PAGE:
Term Paper: Marketing Research

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[. . .] One of the best tools used for primary research is direct interviews, surveys and questionnaires. But many firms avoid primary research because it is often more costly and time-consuming than secondary research. Giacin writes: "The drawback is that this [primary research] can be a very costly and time consuming process, and may not be a feasible option for a company to peruse."

Secondary research is commonly used by organizations when they feel they do not have enough resources or time to opt for primary data collection. Secondary research though proves more economical and less time consuming, it is certainly also less reliable. This is because secondary data is collected by someone else for some other purpose and is now being utilized in different setting and therefore the results of the research might not apply to the current situation. Giacin adds: "Secondary data is available through resources such as research reports, internal company data bases, Reference USA (available at the library), or various sites on the Internet. The problems that a company can run into when utilizing secondary data are that it can be unreliable, it was not collect for their specific purpose, and that the information that they need may not be available."

Primary research makes use of sampling methodology whereby a small percentage of the entire target market is selected and results are gathered from the responses of this small group. However primary research can be expensive since it involves highly targeted research and when professionals are asked to carry out the research, they can charge more than $4,000 for this. For this reason many people are now considering doing the primary research themselves with the help of the Internet. Internet has opened new doors for research for small businesses with limited research budget. Online polls. Surveys and focus groups are inexpensive research tools, which can be used to gather primary data. However the interpretation of responses to extract sound information requires the services of professional researchers because not all responses can be seriously considered and reliability and validity of research are important factors to take into consideration.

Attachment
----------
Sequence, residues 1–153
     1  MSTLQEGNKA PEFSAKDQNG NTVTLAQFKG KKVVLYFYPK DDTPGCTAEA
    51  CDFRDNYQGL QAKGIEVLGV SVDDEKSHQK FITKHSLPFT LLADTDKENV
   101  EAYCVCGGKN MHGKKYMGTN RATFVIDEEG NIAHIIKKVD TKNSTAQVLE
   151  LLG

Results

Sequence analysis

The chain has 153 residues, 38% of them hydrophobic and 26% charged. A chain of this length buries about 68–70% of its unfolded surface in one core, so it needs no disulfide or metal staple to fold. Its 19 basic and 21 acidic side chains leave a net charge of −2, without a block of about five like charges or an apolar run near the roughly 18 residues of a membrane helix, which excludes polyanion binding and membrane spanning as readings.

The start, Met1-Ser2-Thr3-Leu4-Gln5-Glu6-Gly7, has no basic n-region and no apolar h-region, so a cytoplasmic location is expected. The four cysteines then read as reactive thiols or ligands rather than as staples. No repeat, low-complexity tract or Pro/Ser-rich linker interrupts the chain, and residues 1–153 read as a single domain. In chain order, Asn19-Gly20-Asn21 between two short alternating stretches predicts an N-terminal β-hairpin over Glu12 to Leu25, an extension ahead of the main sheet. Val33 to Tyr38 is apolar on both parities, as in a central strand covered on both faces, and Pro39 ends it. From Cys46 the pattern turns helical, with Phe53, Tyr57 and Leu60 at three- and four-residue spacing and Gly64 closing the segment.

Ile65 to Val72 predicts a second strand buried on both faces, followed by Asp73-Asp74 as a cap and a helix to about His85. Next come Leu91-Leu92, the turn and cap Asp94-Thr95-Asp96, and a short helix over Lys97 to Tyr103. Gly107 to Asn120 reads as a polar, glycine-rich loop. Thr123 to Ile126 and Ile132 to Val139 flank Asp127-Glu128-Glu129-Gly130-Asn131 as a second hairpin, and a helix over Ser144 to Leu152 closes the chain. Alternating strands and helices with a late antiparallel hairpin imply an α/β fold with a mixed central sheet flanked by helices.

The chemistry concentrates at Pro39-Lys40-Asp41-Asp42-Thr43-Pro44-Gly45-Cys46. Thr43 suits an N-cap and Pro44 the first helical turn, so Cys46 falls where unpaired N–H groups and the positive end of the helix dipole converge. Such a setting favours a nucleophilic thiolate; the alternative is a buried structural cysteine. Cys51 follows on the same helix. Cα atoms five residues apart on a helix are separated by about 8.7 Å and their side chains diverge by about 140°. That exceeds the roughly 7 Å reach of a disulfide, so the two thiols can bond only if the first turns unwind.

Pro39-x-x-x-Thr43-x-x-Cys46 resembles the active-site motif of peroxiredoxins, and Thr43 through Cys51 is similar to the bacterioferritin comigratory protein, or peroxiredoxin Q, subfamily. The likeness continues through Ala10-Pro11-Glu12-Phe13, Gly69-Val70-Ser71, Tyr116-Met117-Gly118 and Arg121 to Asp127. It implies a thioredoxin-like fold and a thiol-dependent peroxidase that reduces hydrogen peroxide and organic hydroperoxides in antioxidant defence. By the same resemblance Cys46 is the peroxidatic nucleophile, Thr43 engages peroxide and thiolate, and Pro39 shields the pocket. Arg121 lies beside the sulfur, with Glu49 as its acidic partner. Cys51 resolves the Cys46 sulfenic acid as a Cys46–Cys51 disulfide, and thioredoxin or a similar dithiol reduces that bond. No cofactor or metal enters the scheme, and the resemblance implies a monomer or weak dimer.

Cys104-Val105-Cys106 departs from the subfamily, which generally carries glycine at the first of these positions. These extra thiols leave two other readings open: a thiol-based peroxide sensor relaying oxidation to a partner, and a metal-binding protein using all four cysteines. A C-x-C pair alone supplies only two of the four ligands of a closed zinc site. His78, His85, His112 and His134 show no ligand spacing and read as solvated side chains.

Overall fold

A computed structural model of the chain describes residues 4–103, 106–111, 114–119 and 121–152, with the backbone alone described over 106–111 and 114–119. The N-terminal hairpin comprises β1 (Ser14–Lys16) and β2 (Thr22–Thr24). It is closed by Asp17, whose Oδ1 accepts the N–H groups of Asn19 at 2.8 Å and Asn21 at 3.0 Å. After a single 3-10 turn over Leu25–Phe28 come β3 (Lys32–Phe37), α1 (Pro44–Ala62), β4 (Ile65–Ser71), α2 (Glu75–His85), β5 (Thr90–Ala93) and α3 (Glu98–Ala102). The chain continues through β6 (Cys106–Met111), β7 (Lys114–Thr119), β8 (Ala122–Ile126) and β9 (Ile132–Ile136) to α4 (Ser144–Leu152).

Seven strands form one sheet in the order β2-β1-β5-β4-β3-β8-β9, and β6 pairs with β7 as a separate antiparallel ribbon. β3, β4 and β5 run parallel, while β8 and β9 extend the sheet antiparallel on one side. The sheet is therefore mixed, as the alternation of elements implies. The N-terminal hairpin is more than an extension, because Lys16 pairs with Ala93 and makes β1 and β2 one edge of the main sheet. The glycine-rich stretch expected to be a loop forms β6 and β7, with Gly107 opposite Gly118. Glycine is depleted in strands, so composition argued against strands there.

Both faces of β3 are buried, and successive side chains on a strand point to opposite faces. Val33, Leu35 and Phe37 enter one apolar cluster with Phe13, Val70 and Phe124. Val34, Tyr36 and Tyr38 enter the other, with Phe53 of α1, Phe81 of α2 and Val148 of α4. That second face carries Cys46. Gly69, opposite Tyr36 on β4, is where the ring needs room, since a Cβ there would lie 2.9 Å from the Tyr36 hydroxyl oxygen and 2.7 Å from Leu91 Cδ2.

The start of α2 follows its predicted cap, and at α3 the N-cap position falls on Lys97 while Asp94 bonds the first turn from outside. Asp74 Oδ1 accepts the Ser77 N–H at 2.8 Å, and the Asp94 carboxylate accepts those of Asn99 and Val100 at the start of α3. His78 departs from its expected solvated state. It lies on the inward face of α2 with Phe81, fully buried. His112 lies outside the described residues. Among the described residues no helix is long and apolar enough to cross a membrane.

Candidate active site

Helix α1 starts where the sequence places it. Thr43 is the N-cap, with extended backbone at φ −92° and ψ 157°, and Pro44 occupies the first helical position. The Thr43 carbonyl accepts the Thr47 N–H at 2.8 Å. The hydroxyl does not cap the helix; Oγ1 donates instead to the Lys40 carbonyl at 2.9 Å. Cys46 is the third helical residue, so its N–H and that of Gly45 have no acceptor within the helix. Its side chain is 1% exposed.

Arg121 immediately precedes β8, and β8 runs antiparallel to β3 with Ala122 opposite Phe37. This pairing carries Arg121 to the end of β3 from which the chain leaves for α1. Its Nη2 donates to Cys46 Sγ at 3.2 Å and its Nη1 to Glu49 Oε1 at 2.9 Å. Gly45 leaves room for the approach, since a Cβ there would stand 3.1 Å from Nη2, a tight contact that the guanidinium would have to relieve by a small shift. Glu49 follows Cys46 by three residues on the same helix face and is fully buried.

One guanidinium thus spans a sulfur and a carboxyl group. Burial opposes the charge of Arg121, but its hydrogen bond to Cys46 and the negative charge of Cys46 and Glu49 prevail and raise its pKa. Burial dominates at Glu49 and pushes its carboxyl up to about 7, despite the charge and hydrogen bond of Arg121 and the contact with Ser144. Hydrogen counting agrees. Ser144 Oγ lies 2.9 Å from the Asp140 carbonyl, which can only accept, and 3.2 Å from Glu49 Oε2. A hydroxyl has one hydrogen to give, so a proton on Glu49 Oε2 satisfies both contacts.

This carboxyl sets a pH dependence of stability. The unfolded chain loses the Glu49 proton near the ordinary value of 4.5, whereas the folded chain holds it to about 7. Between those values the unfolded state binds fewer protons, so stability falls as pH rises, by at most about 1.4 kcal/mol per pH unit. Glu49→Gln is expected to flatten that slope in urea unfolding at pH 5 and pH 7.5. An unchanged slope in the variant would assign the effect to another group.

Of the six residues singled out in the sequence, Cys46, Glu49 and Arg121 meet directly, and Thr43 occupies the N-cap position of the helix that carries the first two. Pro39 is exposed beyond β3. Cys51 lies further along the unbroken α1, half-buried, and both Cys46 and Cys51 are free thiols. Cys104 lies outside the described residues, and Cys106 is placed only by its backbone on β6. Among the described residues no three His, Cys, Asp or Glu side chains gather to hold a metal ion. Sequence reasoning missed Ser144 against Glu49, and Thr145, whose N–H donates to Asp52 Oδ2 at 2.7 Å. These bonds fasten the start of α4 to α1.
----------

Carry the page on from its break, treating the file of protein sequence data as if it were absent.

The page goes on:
This brings us to the question of reliability of responses or research. Validity is not the same thing as reliability and thus the two terms should not be confused. Validity tests the ability of the research questions to extract the desired information. In other words, we use validity tests to ensure that research is probably designed and that it will bring forth the information that it was designed for.

Reliability on the other hand tests the dependability factor of the results. For this reason, results should be based on completely objective analysis and some firms use third party research firms to check the reliability of the data they have. Raw information and facts are sent to the third party and reliability factor is tested. This helps the firm in its strategy development and decision making process. Wrong information or unreliable information can negatively affect the product or service to be launched or enhanced.

Sampling is the process that we mostly use in primary research. Since the entire target market cannot be interviewed or surveyed, a small percentage of this section is selected randomly keeping in view some important research variables and characteristics of the target market. The responses given by this group are then applied to the entire target market and conclusions are drawn. However while most firms would want the selection to be purely randomized, it is practically impossible to achieve this. For this reason, research firms use stratified sampling. This type of sampling refers to selection of a group based on a certain given criteria such as demographic or social features of the target market. For example, if a new magazine for college women were to be launched, the firm would conduct research by targeting a small section of its target market. However this section will be expected to meet the given criteria such as level of college education, their tastes, their interest in women magazines, their age, marital status etc.

References

Nedra Kline Weinreich, Integrating Quantitative and Qualitative Methods in Social Marketing Quarterly. 1996

Jennifer Giacin, BS, CSA, Cost Benefit Analysis and Business Research, April 30, 2003, http://www.osceolainfo.com/leads/business_center.html [END OF PREVIEW]

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Marketing Research.  (2003, December 25).  Retrieved April 23, 2019, from https://www.essaytown.com/subjects/paper/marketing-research-market/9000951

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"Marketing Research."  Essaytown.com.  December 25, 2003.  Accessed April 23, 2019.
https://www.essaytown.com/subjects/paper/marketing-research-market/9000951.